Sunny had shepherded me through that awkward summer afternoon and even more awkward evening, introducing me as if I were her friend then later dragging me out to the open space by the pool where other couples were gyrating self-consciously to the kind of music they had probably liked better when they were younger. I assumed she was trying to drain away some of the discomfort produced by a brief encounter I’d had with Jack Shott, but Sunny denied it. Jane’s new husband was going to have to accept his bride as she was, and that included what had happened in the mountains north of LA. #
Sunny watched with hilarity what she later characterized as my Brobdingnagian dancing style; and when I told her I wasn’t embarrassed by me if she wasn’t, she said her strategy would be to pretend not to know me.
Well, I’m not in the habit of dancing by myself!
Nor with anyone else, apparently, Sunny said, then dragged me over to a table draped with a white cloth where they were pouring a thin but drinkable North Fork Chardonnay.
I tried to explain how Jane’s uncompromising self-honesty had resulted in a kind of morbid listlessness.
You can say depression. We do. Along with other things.
But her sister hadn’t been depressed in my opinion, just empty, at zero. With no negative readings. But no positive readings either.
Nevertheless, Sunny said, not enjoying our return to a topic she had thought set aside for the evening. The wonders of modern psychopharmacology got her here.
And that’s where they met?
Yes. In her therapist’s waiting room. Shotty was learning how to manage his anger better. Then remembering my unpleasant encounter with him, Sunny placed one hand on my forearm, leaned in toward me with her face lifted the way one might display a salver of cut flowers, a characteristic gesture I would soon learn to anticipate and come to cherish. But that’s not your problem, she said.
Jack Shott had bought a new Jaguar, a low sleek silver convertible; and we all walked out to watch the happy couple depart in it. The elegant car glowed on the circular gravel driveway, serene as a new knife blade under the summer stars. It’s a hard on, Sunny said; and I laughed but didn’t disagree. The top was down, the black leather upholstery fragrant, the polished wood veneer of the steering wheel and dashboard and gear selector knob redolent of the proud history of English automotive craftsmanship as Jane approached, seeing the Jaguar for the first time.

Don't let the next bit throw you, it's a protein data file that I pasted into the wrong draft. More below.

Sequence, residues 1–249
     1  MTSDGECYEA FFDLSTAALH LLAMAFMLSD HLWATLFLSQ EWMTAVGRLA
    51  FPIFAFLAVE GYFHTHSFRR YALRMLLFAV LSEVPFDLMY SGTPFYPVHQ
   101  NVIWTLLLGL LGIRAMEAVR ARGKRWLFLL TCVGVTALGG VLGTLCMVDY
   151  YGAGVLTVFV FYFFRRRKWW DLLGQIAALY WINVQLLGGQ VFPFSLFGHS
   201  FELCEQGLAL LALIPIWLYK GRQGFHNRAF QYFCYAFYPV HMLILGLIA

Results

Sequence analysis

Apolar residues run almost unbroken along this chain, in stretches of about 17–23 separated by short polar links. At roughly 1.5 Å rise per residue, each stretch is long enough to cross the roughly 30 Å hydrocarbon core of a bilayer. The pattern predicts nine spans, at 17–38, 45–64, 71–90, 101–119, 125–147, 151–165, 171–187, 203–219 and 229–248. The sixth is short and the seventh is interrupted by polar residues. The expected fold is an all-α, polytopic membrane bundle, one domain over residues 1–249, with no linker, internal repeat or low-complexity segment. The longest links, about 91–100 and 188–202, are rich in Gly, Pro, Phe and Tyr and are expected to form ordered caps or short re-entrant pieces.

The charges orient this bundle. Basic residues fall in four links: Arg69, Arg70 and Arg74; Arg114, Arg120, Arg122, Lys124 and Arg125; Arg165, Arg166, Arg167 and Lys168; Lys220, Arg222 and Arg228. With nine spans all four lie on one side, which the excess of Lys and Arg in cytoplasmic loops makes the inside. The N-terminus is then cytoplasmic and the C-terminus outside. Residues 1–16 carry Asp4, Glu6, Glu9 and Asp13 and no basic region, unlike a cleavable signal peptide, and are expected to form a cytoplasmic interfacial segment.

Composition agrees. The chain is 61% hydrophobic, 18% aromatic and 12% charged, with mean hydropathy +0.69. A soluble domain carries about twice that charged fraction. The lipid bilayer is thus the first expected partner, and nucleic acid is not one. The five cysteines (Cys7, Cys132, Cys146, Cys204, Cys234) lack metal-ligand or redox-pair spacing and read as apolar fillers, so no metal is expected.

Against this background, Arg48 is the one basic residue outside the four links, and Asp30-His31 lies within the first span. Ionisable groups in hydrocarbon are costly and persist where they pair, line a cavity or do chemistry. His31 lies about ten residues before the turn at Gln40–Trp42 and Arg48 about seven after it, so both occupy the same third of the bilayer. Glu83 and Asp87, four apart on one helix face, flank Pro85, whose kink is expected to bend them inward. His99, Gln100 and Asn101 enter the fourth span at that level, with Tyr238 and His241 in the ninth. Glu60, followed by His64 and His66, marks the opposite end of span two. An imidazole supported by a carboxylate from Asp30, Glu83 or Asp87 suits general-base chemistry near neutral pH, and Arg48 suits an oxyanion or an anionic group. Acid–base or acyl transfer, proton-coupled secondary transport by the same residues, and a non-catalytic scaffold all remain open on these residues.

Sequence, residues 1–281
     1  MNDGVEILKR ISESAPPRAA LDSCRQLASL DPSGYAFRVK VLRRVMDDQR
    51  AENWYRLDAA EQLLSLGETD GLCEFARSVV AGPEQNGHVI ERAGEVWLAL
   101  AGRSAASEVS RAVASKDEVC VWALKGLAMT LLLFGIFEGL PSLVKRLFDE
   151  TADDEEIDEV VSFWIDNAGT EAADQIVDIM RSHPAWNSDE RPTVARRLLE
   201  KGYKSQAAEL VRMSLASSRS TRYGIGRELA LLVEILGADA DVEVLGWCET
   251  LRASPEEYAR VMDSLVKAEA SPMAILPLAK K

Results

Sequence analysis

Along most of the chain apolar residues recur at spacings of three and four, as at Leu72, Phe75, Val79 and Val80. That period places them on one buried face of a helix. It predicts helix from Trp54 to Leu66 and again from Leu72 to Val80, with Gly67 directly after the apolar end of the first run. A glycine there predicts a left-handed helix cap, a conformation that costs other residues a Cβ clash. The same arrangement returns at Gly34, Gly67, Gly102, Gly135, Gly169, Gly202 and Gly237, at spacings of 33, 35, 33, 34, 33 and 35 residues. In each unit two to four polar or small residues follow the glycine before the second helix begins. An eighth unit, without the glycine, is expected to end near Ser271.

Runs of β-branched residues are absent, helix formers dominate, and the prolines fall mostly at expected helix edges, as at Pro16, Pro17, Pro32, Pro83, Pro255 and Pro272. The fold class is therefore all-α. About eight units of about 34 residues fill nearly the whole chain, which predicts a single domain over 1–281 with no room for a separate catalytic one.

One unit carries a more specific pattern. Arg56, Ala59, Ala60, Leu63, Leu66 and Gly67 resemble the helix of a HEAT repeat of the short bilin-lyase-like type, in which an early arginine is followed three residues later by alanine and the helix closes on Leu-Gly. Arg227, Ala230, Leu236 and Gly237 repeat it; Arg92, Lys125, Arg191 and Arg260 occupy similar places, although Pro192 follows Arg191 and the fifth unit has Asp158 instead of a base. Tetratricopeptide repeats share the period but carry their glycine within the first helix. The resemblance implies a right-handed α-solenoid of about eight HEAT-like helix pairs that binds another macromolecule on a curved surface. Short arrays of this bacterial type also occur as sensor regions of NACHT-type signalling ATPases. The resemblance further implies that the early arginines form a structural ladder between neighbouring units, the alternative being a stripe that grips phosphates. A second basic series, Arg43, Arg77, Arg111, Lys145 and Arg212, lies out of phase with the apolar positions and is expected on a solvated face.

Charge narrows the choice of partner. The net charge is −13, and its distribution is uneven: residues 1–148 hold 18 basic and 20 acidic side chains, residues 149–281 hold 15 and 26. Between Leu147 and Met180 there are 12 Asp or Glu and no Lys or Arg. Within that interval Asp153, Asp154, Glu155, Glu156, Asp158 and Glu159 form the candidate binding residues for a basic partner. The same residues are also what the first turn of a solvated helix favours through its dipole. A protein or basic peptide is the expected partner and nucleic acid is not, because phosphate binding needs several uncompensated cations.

And didn’t you look at your new husband with a smile of complicity then, Jane? Of recognition that marriage would become a matter of making adjustments? I think you would have to agree that you did.
Because not only would she ride away in this extravagant vehicle, Jane would also be the one to drive it. Jack Shott’s hands were too damaged for him to be able to grip the steering wheel. His bachelor party had ended with a late-night encounter in a roadside tavern. Obtuse locals had been incapable of assessing the ramifications of looking at him the wrong way as he strode in for one last one, and the damage he inflicted on them in the parking lot had also made it impossible for Jack Shott to turn the ignition key of his new car, drag the selector down to D, steer with his wrists. It was his wedding night; and he had been required to accept the humiliation of settling into the passenger seat, pulling the door closed with his elbow, using both swollen thumbs and the less damaged of his forefingers to force the passenger-side seat belt into its locking base, and then just sitting there like a victim staring grimly straight ahead, saying nothing to anyone.
Jane in the gravel driveway displayed the ignition key with its attached remote control unit the way a person might hold up something fished out of a toilet. She pushed a button. The boot popped open, and she smiled at herself as she walked back to close it, her naked shoulders fragile in the starlight. She watched us watching her, her small nipples puckering behind the silver skin of her bridal sheath. Another button flicked on the lights and set off the alarm system. Isn’t there an instruction manual?